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Higher Learning

Here are the 3D Hubs Student Grant 2017 Award Winners

Picture of Bulent Yusuf
by Bulent Yusuf
Jul 12, 2017

Announcing the 3D Hubs Student Grant 2017 Winners, with three recipients chosen from over 449 applicants from 300 universities.

After sifting through 449 applicants from 300 universities, 3D Hubs today reveals the three winners of their inaugural 3D Hubs Student Grant. The award attracted a broad spectrum of 3D printing applications in the fields of engineering, product design and architecture.

The Product Design winner is Abidur Chowdhury from Loughborough University with the Aer Asthma management system. The concept is to facilitate and encourage users to be more in control of their medication. Aer is designed in Solidworks, and 3D printed in PA 2200 (Nylon) using selective laser sintering (SLS) technology. SLS excels at high accuracy when creating multi-part assemblies and enclosures.

The Engineering winner is Dani Clode from the Royal College of Art with the Third Thumb. This is a 3D printed live-hinge thumb extension for the hand, to investigate the relationship between the body and prosthetic technology. The project is designed in Rhino, and Ninjaflex filament is used for the articulating parts of the thumb. More intricate detail for the shell is provided by Formlabs Black/Grey resin.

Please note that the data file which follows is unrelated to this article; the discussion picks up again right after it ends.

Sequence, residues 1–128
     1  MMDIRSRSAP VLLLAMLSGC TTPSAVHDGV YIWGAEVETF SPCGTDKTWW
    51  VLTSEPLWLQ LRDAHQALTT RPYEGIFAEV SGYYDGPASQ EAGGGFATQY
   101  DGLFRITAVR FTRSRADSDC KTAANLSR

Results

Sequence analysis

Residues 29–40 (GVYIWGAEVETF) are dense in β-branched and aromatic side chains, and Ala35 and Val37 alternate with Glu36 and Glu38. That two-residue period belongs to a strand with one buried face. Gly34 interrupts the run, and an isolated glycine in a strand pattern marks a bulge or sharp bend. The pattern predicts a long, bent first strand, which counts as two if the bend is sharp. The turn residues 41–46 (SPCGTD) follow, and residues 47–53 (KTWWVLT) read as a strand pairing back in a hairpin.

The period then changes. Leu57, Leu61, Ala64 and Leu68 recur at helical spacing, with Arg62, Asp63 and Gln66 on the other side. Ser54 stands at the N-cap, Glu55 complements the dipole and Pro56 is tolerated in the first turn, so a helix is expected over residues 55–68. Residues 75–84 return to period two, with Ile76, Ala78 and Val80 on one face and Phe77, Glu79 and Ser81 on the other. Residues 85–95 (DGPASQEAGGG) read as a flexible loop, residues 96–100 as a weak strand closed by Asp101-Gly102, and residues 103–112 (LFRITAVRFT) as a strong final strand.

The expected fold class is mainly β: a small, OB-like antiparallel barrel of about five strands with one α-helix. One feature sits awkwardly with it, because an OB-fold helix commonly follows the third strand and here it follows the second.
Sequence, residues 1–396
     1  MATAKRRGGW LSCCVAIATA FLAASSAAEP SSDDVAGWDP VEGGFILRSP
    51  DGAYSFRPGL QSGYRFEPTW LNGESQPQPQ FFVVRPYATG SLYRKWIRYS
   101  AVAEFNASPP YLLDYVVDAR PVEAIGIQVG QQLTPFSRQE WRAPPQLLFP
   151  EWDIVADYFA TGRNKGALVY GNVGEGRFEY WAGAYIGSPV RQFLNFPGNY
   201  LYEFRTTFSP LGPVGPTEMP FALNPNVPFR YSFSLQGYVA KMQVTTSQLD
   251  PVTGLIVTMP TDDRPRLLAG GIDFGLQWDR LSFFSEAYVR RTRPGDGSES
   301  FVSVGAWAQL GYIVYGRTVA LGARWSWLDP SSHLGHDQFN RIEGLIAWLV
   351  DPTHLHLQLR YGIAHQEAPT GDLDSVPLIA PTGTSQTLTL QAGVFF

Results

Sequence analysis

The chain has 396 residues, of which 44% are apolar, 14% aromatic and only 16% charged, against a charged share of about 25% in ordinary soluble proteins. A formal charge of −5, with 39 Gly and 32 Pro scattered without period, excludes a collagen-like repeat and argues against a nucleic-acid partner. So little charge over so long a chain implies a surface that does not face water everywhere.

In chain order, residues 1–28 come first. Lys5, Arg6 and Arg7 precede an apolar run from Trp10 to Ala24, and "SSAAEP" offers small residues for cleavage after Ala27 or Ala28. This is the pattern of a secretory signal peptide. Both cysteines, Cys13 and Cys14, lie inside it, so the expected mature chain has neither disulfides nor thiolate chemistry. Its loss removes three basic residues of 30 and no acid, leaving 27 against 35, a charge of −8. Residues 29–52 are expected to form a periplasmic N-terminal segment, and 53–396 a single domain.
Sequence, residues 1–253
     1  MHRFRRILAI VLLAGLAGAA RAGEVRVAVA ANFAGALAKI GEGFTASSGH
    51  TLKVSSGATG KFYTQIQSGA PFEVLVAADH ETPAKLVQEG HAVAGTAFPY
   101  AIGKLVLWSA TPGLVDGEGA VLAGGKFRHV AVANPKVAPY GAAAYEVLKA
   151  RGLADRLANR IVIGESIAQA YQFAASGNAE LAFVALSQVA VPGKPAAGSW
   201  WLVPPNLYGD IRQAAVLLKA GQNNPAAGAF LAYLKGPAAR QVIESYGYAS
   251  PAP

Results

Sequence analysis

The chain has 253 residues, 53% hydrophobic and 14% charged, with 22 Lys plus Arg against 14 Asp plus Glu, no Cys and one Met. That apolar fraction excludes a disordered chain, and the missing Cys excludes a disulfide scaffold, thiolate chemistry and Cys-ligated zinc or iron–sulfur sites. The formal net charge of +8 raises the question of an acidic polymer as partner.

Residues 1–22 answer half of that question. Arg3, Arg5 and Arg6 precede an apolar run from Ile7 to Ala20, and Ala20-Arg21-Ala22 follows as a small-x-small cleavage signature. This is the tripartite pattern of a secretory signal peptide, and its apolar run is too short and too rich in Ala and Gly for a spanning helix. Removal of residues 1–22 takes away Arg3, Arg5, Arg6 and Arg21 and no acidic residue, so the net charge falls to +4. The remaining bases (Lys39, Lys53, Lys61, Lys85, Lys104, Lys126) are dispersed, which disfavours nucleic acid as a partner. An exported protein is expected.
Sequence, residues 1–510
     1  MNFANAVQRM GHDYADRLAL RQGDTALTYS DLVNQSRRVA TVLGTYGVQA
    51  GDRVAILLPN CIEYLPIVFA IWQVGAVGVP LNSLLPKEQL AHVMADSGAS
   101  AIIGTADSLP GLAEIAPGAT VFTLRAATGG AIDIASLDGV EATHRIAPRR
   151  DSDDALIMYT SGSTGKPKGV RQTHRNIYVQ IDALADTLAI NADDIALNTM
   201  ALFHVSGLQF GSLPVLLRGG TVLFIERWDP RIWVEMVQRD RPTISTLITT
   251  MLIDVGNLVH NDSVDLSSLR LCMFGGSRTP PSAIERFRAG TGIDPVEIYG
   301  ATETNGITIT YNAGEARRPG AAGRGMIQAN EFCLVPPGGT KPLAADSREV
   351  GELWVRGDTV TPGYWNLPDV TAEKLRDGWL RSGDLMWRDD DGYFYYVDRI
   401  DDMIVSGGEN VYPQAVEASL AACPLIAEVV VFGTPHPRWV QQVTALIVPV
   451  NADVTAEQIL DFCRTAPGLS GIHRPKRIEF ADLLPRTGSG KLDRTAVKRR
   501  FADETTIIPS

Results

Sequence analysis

The Architecture winners are Deniz Haklar and Jordan Gracia from Rice University with their Micro-Housing project. The building is a formal investigation that “challenges the straight extrusion in order to increase the number of units on the periphery.” In other words, more of the building’s occupants can have nice views. The complex outer facade is modeled with Rhino; the next stage is 3D printing with PLA filament.

The winner from each category receives $500 and a professional photoshoot of their project. They will also have an honorable mention from 3D Hubs co-founder Brian Garret on LinkedIn.

3D Hubs Student Grant Winners have a Bright Future

According to Filemon Schoffer, 3D Hubs Chief Marketing Officer:

The reason we launched the Student Grant is to support the next generation of professionals who are pushing the boundaries of 3D printing. Through our celebration of innovative students by giving them the spotlight we hope to inspire others to challenge themselves at what they can achieve with 3D printing.

The winning projects had to pass criteria like impact, functionality, core concept, and the creative use of 3D printing. The most popular category for this year’s grant is Product Design with 203 entries. Next is Engineering with 146 entries, then Architecture with 100 entries.

In terms of academic spread, UK-based Loughborough University sent the most entries with 14. Close behind is Brunel University with 11, then New York’s Pratt Institute with 8.

Interesting to note was that the most commonly used 3D Software is Solidworks with 123 applicants. Next is Rhino with 80, then Autodesk Inventor with 37.

The 3D Hubs Student Grant will return in 2018, open for all eligible students around the world. Further details on dates and categories to come later this year.

Source: 3D Hubs Newsroom

3D Hubs Student Awards

License: The text of "Here are the 3D Hubs Student Grant 2017 Award Winners" by All3DP is licensed under a Creative Commons Attribution 4.0 International License.

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